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audience watches performance
Actors from the Flat Rock Playhouse perform selections from Sandburg's Rootabaga Stories. (NPS Photo)

dairy goats
The descendants of Mrs. Sandburg’s dairy goat herd are still found in the barn and pastures of Connemara. (NPS/Jennifer Mummart)

fall foliage surrounding bridge
The grounds of the Sandburg home are stunning in autumn. (NPS/Jennifer Mummart)

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Carl Sandburg Home National Historic Site
North Carolina

“It is necessary now and then for a man to go away by himself and experience loneliness; to sit on a rock in the forest and to ask of himself, 'Who am I, and where have I been, and where am I going?'”
Carl Sandburg

In today's fast-paced world, it's nice to have an opportunity to stop and reflect. When you visit Carl Sandburg Home National Historic Site, you can do just that. Prepare for a day spent experiencing Sandburg's life and writings while enjoying the relaxing pace of a small North Carolina farm.

Carl Sandburg was the “Poet of the People.” He wrote of and for the people, championing social justice and human rights. As a poet, biographer, lecturer, folk singer and two-time Pulitzer Prize-winner, Sandburg recognized the plight of the working man in his writings. Working most of his career in the Midwest around Chicago and Michigan, he moved with his family to his last home, located in Flat Rock, North Carolina, in 1945. This home, known as Connemara, provided the perfect setting for him to publish the final third of his works.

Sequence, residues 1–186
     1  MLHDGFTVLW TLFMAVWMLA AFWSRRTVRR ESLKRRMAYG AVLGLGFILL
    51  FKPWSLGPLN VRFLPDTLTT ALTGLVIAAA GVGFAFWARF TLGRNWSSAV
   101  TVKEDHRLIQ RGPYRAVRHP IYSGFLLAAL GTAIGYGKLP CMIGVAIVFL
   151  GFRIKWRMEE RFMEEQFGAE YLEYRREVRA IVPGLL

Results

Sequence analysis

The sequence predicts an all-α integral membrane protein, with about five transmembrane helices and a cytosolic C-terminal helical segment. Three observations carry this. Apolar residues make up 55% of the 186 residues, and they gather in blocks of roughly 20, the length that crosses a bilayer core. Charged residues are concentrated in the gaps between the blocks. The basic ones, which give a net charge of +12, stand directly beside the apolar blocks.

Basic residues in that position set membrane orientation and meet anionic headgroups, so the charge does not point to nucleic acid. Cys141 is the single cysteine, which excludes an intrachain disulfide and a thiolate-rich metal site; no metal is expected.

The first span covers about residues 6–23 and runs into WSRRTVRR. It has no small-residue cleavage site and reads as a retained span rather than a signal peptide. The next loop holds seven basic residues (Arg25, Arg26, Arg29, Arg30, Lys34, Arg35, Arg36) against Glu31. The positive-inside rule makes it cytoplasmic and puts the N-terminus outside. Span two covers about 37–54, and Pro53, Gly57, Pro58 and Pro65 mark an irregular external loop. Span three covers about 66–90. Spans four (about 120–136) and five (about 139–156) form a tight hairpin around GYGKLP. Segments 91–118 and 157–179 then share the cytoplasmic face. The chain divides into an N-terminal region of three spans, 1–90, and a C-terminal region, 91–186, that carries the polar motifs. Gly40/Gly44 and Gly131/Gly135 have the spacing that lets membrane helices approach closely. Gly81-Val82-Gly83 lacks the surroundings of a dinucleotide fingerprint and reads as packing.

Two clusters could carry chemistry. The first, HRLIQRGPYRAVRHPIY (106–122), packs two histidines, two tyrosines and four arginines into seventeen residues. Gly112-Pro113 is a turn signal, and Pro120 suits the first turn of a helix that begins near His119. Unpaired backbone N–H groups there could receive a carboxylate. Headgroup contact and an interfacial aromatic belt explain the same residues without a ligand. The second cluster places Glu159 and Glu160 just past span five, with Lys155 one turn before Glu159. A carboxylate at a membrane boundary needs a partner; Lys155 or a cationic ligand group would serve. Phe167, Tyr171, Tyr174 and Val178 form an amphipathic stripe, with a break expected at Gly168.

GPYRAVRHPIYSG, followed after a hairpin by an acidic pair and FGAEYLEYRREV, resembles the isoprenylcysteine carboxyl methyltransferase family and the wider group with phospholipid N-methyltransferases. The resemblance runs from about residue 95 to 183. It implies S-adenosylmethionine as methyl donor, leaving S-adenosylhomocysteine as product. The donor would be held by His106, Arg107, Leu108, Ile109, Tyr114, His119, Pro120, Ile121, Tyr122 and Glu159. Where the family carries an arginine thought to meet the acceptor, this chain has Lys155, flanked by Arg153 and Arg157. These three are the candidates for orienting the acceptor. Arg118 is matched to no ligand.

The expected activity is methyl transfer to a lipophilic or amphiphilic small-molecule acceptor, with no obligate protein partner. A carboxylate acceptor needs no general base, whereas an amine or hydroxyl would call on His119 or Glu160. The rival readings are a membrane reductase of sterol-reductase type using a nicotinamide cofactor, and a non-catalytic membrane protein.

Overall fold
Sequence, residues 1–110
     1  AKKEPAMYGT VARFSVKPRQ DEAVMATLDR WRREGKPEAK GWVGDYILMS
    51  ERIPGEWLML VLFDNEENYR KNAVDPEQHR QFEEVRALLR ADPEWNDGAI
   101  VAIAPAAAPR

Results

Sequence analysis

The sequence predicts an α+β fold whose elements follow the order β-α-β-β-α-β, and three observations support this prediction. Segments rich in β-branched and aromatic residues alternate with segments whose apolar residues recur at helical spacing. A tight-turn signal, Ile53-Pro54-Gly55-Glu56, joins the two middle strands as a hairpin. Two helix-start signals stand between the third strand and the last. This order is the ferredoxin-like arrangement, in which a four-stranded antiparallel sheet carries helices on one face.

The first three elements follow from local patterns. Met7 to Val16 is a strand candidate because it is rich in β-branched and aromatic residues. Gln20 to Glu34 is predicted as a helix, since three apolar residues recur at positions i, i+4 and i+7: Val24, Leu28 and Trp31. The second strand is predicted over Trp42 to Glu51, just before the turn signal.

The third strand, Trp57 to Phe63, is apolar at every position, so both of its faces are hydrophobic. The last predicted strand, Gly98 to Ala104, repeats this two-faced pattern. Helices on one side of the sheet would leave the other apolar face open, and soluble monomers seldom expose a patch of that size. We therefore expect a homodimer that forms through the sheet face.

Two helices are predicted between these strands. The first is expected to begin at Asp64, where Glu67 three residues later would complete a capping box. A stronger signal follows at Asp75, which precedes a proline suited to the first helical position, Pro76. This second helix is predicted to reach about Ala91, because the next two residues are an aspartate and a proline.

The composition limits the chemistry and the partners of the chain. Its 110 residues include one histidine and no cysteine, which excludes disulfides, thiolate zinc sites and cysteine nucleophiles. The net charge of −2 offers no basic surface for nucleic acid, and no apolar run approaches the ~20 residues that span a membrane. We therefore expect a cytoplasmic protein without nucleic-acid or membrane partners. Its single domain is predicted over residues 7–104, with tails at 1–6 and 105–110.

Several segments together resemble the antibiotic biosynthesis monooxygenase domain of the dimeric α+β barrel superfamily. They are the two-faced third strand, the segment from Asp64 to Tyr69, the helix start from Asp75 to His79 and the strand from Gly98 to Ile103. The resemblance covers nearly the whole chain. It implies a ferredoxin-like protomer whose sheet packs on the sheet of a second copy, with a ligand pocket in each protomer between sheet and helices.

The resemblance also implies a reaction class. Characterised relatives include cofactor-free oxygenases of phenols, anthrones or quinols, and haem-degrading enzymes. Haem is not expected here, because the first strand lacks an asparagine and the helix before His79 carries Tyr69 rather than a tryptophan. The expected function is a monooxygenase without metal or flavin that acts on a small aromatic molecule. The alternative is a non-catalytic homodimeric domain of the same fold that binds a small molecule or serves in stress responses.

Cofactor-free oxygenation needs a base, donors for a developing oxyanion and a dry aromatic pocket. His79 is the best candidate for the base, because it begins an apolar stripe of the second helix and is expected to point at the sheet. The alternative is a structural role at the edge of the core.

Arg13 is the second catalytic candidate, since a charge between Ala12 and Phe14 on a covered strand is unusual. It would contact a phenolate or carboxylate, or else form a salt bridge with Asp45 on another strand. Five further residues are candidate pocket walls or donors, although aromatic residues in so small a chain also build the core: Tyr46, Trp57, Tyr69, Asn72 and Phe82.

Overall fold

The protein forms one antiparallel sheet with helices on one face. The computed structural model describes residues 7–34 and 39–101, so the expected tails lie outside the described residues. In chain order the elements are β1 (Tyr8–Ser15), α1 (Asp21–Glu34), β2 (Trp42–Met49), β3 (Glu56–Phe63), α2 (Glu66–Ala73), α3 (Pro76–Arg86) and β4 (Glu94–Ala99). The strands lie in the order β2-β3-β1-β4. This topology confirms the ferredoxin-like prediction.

A 30-minute ranger-led tour of the Sandburg home, complete with the family's original belongings, offers a glimpse of their life in the 1950s. As you move from room to room, you can imagine the smell of cigar smoke and the sound of keys clacking on a Remington typewriter, as one of America's beloved poets, probably best known for the piece below, wrote through the night.


The fog comes
on little cat feet.

It sits looking
over harbor and city
on silent haunches
and then moves on.

After a tour of the home, you can visit the barn and enjoy the company of some very personable goats from the Connemara Farms herd. Not only was Mrs. Sandburg a champion for her husband's writing, Lilian “Paula” Sandburg achieved national and worldwide recognition for her breeding program with dairy goats. Mrs. Sandburg developed her goats into a nationally recognized herd of top milk producers. Descendants of the original herd are still kept on the farm. If you visit in the spring, plan to spend time basking in the sun while watching the baby goats frolic in the barnyard.

To round out your day, there are many other activities. Take a self-guided tour of the historic buildings on the property, hike over five miles of easy-to-moderate trails, enjoy wildlife and tranquility while strolling the grounds, or bring a journal and write on the flat rock behind the house, where Sandburg himself found inspiration. If you are up for a little more adventure, hike to the top of Glassy Mountain and enjoy a spectacular view of western North Carolina. In the summer, you can enjoy a variety of special programs, including ranger talks and walks and live performances of Sandburg’s works. His home offers beauty, peace, and enjoyment to everyone.

By Dottie Brown, Park Guide, Carl Sandburg Home National Historic Site homepage photo: Carl Sandburg lived here with his family for 22 years, from 1945 to 1967. (NPS Photo)